EBV in MS: guilty by association?Trends Immunol 2009; 30(6):243-8TI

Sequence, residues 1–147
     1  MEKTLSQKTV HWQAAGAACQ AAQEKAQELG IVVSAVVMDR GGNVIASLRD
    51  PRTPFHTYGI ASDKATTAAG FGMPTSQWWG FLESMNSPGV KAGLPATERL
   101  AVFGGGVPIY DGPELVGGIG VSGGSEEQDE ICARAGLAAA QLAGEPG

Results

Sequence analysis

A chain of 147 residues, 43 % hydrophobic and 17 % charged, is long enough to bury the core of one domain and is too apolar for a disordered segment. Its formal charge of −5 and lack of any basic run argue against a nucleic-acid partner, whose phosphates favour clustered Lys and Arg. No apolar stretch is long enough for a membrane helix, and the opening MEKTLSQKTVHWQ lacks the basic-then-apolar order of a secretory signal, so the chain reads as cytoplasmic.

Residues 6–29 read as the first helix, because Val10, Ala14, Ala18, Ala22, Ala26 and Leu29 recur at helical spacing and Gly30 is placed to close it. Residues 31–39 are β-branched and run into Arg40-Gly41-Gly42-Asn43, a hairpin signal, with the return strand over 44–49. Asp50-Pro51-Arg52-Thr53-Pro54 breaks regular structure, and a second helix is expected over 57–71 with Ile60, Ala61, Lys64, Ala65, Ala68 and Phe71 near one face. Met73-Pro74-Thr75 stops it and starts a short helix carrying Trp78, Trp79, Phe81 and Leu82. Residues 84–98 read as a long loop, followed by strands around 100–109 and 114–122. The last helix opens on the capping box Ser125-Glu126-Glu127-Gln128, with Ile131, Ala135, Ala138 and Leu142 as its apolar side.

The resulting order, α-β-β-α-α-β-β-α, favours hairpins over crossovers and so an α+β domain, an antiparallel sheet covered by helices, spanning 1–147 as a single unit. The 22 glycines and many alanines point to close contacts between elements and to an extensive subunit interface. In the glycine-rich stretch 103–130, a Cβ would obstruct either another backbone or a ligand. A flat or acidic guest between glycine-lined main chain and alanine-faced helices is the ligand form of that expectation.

Epstein-Barr Virus (EBV) is one of the most successful human viruses, infecting more than 90% of the adult population worldwide and persisting for the lifetime of the host. Individuals with a history of symptomatic primary EBV infection, called infectious mononucleosis, carry a moderately higher risk of developing multiple sclerosis (MS). In addition, EBV-specific immune responses, which crucially regulate the host-virus balance in healthy virus carriers, are altered in patients with MS. Although no data so far unequivocally support a direct etiologic role of the virus, recent studies allow for the development of testable hypotheses as to how EBV infection potentially promotes autoimmunity and central nervous system (CNS) tissue damage in MS.